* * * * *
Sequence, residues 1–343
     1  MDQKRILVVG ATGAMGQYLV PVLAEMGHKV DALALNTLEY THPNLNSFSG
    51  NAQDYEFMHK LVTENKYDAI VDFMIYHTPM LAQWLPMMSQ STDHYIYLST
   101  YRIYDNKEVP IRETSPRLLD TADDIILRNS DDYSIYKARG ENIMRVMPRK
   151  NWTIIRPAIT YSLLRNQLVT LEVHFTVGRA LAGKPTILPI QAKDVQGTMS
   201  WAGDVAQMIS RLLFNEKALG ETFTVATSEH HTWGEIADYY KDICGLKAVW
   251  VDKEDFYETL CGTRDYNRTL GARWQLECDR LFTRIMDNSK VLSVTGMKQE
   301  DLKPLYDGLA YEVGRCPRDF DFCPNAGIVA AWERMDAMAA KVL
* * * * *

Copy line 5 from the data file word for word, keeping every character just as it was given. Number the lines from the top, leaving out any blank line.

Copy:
   151  NWTIIRPAIT YSLLRNQLVT LEVHFTVGRA LAGKPTILPI QAKDVQGTMS